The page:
Nearly all technical analysts of stocks and other securities make use of technical indicators to help them make trading and investing decisions.
Technical indicators are created by applying some mathematical calculation or function to the price and volume data of an underlying security. Technical analysts frequently compare the behavior and structure of indicators with the actual price and volume information. Today, I’d like to focus on market divergence signals – what are they, why they don’t always work, and some guidelines for how we can use them as active investors in today’s market.
Comparing the two lines gives rise to the concept of “divergence” – a situation where the price of a security is moving in one direction and the indicator in the other.
A significant market divergence signal is regarded as a reliable sign of a pending price trend change. For example, if the price of a security is trending down, while an indicator has started moving higher, technical analysts will conclude that the price of the security is about to reverse and start moving higher as well.
The following is a chart from Investopedia illustrating the concept:
For more information on divergence, check out this link from Investopedia.
Pitfalls of Divergence
Unfortunately, market divergence indicators happen to be the most overused and poorly understood technical concept, leading many traders to make wrong decisions about the status of the market or the likely direction of a security.
In the last 3-4 years, instances of “negative divergence” have repeatedly been cited as the reason for a pending stock market top by many bearishly inclined analysts.
To illustrate what I mean, please see the chart below. It compares the price action of the S&P 500 on the weekly timeframe with MACD, one of the most widely followed indicators. As you can see, in the last four years there have been at least five (5!) instances of significant negative divergence.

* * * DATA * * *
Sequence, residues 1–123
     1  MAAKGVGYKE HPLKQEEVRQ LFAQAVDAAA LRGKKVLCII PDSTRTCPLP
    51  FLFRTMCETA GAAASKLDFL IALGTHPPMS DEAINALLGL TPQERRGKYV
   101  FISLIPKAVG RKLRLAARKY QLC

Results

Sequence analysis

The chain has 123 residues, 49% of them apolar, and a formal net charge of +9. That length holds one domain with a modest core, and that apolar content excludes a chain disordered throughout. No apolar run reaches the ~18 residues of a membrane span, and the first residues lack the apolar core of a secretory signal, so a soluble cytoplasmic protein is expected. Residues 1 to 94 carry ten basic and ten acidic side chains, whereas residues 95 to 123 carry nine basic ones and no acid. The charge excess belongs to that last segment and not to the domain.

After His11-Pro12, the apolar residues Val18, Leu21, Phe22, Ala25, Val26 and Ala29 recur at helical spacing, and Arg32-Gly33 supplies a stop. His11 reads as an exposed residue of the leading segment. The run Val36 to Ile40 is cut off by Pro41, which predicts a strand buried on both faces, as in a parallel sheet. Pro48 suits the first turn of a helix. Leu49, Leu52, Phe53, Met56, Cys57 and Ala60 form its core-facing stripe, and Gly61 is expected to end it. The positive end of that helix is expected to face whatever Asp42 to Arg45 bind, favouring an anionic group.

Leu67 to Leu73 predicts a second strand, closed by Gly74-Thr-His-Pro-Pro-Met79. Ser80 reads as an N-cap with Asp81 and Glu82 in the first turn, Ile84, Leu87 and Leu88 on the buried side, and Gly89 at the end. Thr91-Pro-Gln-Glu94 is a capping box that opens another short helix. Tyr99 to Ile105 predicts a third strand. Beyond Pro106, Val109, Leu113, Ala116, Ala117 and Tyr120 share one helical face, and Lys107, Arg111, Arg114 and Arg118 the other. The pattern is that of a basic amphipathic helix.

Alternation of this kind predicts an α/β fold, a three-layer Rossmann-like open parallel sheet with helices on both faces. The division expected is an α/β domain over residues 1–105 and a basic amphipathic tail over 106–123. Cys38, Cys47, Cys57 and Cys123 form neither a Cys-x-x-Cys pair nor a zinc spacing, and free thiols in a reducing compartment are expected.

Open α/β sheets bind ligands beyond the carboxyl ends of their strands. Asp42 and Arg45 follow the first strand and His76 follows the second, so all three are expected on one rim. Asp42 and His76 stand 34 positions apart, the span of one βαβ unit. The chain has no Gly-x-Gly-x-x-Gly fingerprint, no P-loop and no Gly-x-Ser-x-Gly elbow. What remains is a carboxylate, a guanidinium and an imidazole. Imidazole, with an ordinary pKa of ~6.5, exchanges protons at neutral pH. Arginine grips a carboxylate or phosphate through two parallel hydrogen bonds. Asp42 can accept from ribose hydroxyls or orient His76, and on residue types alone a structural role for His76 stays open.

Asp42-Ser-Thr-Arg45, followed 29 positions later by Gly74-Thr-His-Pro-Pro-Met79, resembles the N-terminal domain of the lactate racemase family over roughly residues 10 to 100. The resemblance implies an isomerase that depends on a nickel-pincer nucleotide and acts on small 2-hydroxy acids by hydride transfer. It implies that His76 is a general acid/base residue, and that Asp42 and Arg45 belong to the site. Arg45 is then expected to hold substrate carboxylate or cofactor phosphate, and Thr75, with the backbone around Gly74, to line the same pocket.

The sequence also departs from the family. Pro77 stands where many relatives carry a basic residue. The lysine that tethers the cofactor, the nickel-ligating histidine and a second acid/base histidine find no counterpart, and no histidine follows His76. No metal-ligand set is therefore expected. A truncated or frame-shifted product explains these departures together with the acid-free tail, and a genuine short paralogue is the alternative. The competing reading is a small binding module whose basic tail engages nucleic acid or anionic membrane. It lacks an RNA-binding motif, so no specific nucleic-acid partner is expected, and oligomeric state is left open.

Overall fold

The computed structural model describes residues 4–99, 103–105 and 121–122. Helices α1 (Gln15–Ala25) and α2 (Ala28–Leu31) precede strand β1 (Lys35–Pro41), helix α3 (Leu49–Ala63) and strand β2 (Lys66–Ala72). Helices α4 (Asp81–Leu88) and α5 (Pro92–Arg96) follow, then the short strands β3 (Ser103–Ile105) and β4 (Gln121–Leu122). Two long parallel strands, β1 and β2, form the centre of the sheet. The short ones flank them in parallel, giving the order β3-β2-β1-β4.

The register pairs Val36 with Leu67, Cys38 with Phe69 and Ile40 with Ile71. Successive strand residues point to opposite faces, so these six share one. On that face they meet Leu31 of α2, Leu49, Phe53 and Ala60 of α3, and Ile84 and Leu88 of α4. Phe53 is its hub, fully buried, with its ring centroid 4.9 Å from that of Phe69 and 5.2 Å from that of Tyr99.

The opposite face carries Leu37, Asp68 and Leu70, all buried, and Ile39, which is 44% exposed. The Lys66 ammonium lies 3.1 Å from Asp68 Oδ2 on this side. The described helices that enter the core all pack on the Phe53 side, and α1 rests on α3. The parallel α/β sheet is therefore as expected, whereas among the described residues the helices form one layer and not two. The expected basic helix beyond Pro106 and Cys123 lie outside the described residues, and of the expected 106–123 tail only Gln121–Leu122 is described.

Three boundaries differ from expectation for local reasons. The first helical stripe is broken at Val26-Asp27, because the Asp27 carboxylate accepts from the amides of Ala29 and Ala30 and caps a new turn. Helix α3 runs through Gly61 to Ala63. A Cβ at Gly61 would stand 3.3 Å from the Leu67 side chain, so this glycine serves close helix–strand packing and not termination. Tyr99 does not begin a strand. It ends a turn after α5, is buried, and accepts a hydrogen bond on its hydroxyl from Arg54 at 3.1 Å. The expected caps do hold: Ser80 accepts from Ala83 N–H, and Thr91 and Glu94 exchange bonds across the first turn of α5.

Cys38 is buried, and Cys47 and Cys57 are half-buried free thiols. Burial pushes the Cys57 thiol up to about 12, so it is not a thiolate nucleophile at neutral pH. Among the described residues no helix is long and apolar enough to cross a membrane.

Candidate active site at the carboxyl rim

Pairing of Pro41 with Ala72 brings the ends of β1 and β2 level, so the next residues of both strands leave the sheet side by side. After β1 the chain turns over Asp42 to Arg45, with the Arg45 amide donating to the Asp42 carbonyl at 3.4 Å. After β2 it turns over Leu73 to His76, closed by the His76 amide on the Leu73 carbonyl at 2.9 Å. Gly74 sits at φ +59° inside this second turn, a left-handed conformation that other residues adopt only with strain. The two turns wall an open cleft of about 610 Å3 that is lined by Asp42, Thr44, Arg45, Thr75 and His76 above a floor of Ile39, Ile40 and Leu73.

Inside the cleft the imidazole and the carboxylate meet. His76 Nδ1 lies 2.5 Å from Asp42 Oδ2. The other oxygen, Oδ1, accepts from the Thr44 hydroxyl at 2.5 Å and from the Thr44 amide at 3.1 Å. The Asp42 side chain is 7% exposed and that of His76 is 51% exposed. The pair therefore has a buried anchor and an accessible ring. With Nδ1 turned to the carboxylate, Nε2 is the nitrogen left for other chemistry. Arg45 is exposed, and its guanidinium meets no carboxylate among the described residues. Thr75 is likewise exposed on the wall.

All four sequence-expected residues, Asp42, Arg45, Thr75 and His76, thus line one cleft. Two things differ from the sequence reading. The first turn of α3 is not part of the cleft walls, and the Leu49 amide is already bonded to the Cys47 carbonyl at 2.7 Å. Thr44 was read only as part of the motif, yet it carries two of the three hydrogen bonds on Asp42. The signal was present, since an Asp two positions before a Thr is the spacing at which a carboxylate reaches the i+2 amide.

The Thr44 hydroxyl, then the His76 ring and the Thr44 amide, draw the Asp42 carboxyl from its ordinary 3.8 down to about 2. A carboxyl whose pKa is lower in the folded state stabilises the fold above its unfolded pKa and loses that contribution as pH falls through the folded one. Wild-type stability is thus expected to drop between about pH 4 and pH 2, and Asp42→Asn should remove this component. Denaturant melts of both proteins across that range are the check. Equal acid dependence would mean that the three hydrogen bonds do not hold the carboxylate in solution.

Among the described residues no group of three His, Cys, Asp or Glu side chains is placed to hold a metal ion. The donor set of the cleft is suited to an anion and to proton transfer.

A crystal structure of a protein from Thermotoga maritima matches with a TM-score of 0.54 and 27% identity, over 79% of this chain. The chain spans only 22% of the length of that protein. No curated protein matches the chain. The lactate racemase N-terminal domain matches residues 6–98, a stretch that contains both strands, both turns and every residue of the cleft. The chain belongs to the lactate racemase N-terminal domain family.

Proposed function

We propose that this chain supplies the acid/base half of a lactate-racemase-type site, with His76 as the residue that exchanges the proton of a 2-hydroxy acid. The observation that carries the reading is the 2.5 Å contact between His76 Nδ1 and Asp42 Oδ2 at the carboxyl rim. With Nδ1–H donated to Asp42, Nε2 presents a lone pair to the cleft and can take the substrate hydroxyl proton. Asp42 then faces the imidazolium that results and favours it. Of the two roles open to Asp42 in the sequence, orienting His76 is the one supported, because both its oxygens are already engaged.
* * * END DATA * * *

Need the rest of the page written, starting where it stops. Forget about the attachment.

In hindsight, it is clear that every single instance of negative divergence above was meaningless in predicting a major trend change. The S&P 500 continued to grind higher and negative divergences were not indicative of a top, but rather marked periods of sideways consolidation when price advance slowed down.
This phenomenon is not unique to the MACD indicator. Here is the same comparison of the S&P 500 price action with RSI, another popular indicator.
There are literally hundreds of indicators out there, many showing similar negative market divergence structure over this time period.
For the last example I will use a secondary indicator called the “Price Momentum Oscillator” (PMO) because I think it illustrates very well the potential downside of making trading or investment decisions based on just one single indicator.
This example does not look dramatically different from the other two, but shows that the indicator peaked in January of 2014 and has been diverging from the price of the S&P 500 for almost a year and a half.
If you happen to be a trader who shorted the S&P 500 when this indicator started flashing divergence in the early 2014, I hope you learned a valuable lesson as the S&P 500 advanced more than 15% since then.
Here are some high-level guidelines for how traders should use indicators and approach market divergence:
- Only Price Matters – As mentioned above, nearly all indicators are derived from price and volume information. Your trading or investing decisions should always be driven by what the price is doing, while you can use an indicator to confirm or support the decision. It should never be the other way around.
- Know Your Indicator – If you are going to commit capital based on any indicator (even in the supporting role) make sure you understand how it is calculated and how it behaves under all market conditions. Most importantly, make sure you understand its limitations and conditions under which its reliability is suspect.
- No Edge In Divergence – As mentioned above, price-indicator divergences frequently produce false signals and should always be taken with a big grain of salt, especially in trending markets.
Thanks for reading!
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No position in any of the mentioned securities at the time of publication. Any opinions expressed herein are solely those of the author, and do not in any way represent the views or opinions of any other person or entity.